The chilled watermelon soup was also simple in ingredients – watermelon juice, chopped fresh mint and crumbled feta on the side – but its flavor was complex. The juice was super sweet, so I dumped all of the cheese in it and was left with a salty-sweet summery soup with the perfect hint of mint.
I loved everything about it except its lack of viscosity, which made it a challenge to spoon out without spilling. I think it would have been better as a bar shooter with a little vodka introduced.
I also found Welch's chicken wings to be a decent first course. The chipotle-lime barbecue sauce I chose had a nice mix of acidic brightness, spice and sweetness, and it was slathered on quite heavily. The decent-sized wings still had crispy parts despite the heavy sauce application, and I enjoyed them.
The biggest mistake I made at the Ale House was paying $4 extra to have a side salad instead of a standard side. It was quite good, with plenty of egg, cheese and bacon crumbles that kept it from being like a normal, boring bar side salad. But I could have made one trip to the salad bar for a dollar more, which would have been more than worth it.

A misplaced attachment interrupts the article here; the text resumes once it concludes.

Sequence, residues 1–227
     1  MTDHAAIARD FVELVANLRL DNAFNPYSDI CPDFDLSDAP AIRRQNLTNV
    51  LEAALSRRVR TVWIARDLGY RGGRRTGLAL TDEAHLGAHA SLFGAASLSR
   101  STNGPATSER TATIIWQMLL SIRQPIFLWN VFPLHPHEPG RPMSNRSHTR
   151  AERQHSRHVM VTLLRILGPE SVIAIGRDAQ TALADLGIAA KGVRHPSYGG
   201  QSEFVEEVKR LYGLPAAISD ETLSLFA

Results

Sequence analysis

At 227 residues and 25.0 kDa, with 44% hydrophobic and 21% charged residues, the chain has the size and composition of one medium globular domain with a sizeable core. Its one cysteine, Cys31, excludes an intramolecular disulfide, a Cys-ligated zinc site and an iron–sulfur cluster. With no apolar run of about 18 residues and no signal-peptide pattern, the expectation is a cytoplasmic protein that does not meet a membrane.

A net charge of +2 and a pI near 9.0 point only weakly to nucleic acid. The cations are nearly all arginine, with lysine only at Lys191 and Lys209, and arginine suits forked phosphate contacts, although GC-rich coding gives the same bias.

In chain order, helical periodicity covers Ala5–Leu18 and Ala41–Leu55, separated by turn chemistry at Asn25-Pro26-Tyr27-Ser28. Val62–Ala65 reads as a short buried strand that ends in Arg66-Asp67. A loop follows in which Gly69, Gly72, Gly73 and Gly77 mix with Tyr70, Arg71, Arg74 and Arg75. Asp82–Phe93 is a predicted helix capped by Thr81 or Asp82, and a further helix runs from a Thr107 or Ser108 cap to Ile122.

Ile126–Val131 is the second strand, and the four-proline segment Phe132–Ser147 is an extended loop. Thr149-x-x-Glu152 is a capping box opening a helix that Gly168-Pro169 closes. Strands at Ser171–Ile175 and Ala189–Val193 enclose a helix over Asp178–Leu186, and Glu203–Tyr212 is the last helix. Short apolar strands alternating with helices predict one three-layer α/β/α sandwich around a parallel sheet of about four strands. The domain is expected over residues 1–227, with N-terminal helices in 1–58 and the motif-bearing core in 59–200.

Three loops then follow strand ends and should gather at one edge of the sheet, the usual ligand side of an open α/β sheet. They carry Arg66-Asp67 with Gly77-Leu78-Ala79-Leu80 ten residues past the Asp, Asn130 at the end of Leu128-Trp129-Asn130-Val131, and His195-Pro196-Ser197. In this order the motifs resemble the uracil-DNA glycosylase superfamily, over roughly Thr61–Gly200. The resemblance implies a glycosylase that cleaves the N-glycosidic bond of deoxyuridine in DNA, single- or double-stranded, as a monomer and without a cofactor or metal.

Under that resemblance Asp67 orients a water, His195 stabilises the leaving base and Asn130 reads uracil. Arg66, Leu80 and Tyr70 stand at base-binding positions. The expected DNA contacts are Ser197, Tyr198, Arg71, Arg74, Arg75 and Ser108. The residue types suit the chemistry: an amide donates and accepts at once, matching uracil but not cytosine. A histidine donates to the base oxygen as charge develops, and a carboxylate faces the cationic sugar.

Though not made on-site, the desserts at Welch's Ale House were worth a try. The fudge cake was a decadent delight with rich dark layers of cake and super sweet, fudge-like icing that was more than the cake required. The caramel apple cake was also a layered creation with moist, spice-spike cake and cream cheese icing.
When you add it up, this new version of an old favorite along Calhoun Street was clearly a winner – knocking it over the fence, with no need for instant replay.
Restaurant: Welch's Ale House
Address: 1915 S. Calhoun St.
Hours: 11 a.m. to 9 p.m. Monday through Thursday; 11 a.m. to midnight Saturday and Sunday
Handicapped accessible: Yes
Alcohol: Full bar
Credit cards: Yes
Menu: Wings ($7 for 6; $13 for 12), Mediterranean Nachos ($9), salad bar ($9), Man Cave Burger ($10), Italian Burger ($10), chicken or tuna salad ($8), soup ($4 cup; $5 bowl), desserts ($4)
Rating breakdown: Food: ★★1/2 (3-star maximum); atmosphere: ★ (1 maximum), service: ★ (1 maximum)
Ryan DuVall is a restaurant critic for The Journal Gazette. This review is based on two unannounced visits. The Journal Gazette pays for all meals. Email him at firstname.lastname@example.org; call at 461-8130. DuVall's past reviews can be found at www.journalgazette.net. You can follow him on Twitter @DiningOutDuVall.